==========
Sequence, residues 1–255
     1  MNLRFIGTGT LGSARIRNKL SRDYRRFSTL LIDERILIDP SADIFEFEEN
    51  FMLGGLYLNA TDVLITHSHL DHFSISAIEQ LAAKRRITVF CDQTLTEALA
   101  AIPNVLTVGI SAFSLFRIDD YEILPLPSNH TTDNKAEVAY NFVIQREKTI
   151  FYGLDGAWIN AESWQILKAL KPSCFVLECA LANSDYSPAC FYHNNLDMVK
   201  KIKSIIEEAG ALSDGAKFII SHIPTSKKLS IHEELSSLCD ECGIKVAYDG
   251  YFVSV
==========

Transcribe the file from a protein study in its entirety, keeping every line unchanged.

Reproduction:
Sequence, residues 1–255
     1  MNLRFIGTGT LGSARIRNKL SRDYRRFSTL LIDERILIDP SADIFEFEEN
    51  FMLGGLYLNA TDVLITHSHL DHFSISAIEQ LAAKRRITVF CDQTLTEALA
   101  AIPNVLTVGI SAFSLFRIDD YEILPLPSNH TTDNKAEVAY NFVIQREKTI
   151  FYGLDGAWIN AESWQILKAL KPSCFVLECA LANSDYSPAC FYHNNLDMVK
   201  KIKSIIEEAG ALSDGAKFII SHIPTSKKLS IHEELSSLCD ECGIKVAYDG
   251  YFVSV